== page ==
Let’s hope these goals will be achieved by 2030 so that we don’t live to see a documentary narrated by the next David Attenborough in which revolting plastic bags are choking humans to death for world domination.

plastic bag ban

Congo bans plastic bags

plastic bag banMore and more countries are seeking to ban or at least limit the use of plastic bags or have already done so, and the latest government to go for this smart, eco-friendly move is the Republic of Congo.

The African nation has just recently passed a bill in which the production, import, sale and use of plastic bags is banned, according to country spokesman Bienvenu Okiemy. As such, the use of plastic bags to pack food, groceries, water and other beverages is prohibited.

“For some years now, particularly in urban areas, Congo has witnessed major environmental pollution caused by discarded plastic bags which block drainage systems, causing floods and landslides,” Okiemy said.

Sewage and waste management is a big issue in developing countries like Congo.

Although considerate, the motives outlined by Mr. Okiemy are quite minor compared to the overall harmful effects the use of plastic bags pose, all over the world. The main material used in the manufacturing of the bags is polyethylene, a petroleum compound which takes 1000 years to break down. Most of them usually wind up in the soil, which gets contaminated and as such the very food we ate. It’s estimated 1 billion seabirds and mammals die per year by ingesting plastic bags. These are just a few reasons why polyethylene bags should be banned out of a myriad of others.

Nevertheless, I can only salute Congo for taking the innitiative and passing this very important prohibition, although it hasn’t been yet specified from when the ban will be effective. Congo isn’t however the first African country to go for this kind move; Rwanda has lead the continent’s fight against plastic bags, banning them five years ago.

This year, Italy totally dropped the use of plastic bags in the country, while a similar initiative is being planned by the European Commission which might lead to a more drastic limitation or an all together ban of plastic bags in the EU.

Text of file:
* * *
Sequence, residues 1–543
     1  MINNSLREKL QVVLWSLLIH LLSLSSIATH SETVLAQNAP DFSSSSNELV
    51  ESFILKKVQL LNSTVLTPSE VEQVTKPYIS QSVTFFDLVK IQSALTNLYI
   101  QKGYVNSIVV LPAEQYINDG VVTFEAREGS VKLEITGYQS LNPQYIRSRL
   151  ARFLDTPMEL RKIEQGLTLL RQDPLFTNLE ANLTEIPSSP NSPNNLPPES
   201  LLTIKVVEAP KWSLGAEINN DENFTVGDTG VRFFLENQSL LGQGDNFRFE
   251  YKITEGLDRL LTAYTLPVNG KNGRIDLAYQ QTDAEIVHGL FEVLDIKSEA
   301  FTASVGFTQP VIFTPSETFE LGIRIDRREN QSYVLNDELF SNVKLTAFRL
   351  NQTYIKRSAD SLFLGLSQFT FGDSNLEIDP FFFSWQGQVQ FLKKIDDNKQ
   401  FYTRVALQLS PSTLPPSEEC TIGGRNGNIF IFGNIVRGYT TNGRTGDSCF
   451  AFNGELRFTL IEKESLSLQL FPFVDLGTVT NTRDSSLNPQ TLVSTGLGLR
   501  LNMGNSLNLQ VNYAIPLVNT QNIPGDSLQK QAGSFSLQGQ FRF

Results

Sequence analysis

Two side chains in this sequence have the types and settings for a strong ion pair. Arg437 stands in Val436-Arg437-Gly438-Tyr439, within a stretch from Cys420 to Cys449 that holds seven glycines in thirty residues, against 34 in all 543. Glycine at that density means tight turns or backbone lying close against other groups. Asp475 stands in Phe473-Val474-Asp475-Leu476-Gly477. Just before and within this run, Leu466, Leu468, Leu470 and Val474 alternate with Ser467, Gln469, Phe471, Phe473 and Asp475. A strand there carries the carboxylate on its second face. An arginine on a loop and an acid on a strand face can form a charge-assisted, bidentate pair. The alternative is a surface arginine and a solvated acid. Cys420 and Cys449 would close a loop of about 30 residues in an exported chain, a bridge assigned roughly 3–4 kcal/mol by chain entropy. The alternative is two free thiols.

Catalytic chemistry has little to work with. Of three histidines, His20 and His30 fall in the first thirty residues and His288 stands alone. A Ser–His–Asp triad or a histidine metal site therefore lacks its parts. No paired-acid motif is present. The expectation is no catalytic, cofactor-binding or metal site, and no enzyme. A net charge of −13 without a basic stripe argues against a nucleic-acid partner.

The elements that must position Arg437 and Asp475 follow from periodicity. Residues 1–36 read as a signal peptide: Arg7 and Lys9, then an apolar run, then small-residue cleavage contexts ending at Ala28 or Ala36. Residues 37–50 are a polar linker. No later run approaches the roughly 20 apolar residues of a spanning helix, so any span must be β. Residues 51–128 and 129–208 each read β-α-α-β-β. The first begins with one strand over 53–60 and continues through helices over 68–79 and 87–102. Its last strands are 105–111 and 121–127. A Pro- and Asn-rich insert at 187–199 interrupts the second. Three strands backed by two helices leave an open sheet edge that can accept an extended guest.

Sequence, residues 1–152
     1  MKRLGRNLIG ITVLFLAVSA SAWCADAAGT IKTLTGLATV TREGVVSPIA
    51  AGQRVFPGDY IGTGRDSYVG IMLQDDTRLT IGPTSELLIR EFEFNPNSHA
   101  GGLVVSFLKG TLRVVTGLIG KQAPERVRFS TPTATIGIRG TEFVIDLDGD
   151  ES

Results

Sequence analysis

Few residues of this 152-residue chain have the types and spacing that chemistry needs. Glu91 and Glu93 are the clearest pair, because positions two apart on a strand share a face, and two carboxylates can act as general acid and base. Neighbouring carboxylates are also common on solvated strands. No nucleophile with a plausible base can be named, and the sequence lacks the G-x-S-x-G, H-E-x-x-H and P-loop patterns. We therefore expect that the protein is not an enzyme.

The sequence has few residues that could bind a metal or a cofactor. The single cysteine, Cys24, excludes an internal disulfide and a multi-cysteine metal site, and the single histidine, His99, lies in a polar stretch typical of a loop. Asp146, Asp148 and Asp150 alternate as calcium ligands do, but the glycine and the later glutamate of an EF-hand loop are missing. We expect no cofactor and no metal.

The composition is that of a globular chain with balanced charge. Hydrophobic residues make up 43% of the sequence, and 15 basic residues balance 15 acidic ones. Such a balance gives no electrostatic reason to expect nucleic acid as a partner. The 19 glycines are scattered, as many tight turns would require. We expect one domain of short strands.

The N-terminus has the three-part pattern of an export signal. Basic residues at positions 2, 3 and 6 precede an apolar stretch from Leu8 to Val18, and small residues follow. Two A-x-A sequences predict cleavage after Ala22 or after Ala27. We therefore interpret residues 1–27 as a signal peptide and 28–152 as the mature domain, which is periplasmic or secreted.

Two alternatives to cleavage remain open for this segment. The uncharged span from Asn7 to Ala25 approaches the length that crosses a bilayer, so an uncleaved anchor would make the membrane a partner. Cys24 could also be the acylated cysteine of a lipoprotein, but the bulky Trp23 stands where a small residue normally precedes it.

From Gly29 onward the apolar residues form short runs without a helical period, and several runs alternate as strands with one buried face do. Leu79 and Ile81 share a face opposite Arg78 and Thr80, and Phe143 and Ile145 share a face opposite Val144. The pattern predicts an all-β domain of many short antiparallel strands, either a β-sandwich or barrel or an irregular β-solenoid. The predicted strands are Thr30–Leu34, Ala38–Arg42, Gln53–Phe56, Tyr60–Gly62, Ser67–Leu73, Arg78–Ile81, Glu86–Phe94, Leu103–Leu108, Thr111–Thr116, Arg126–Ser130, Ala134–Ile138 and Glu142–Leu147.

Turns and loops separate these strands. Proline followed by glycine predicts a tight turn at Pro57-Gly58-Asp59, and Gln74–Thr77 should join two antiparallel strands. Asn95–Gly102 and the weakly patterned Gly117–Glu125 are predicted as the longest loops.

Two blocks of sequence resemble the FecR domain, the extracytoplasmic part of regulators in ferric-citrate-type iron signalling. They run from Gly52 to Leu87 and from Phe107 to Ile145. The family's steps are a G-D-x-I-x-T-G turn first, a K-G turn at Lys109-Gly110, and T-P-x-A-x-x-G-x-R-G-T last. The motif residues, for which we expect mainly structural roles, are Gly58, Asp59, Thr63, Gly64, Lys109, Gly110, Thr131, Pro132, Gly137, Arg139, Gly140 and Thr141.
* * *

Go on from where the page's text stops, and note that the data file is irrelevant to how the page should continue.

Italy becomes the first country to totally drop plastic bags

You probably don’t know it yet, but our planet has a major problem with plastic. I wasn’t able to find an accurate statistic of how much of this is caused by regular ordinary plastic bags that everybody uses, but it’s definitely a considerable number. After a laudable initiative taken on by the city of Seattle, others have followed on these footsteps, and we can only be pleased to see that happen.

Starting this year, the only plastic bags available in all of Italy will be fully biodegradable ones, as a ban of regular ones has already been announced. Italy was one of the ‘leaders’ in this category, being responsible for over 20 billion bags a year (one-fifth of all European use), so it will be pretty hard for them to quickly adapt to such a change, and some are worried they will really struggle with this.

“We are not prepared to face such a cultural change,” says Florence lawyer Giampaolo Pagnini. “We should take it slowly, because we do not have the cultural background to know how to deal with this. It took us ages to adapt to wearing a seatbelt when that law came into effect.” Antonella d’Antoni, who works for a bank in Rome, echoes the sentiment: “This is the same, it will take time.”

However, only time will tell if they can succeed in their laudable attempt. In the meantime, what can you do when you’re going to the supermarket and nobody is going to give you a plastic bag ? I’m gonna let brilliant Tim Minchin tell you.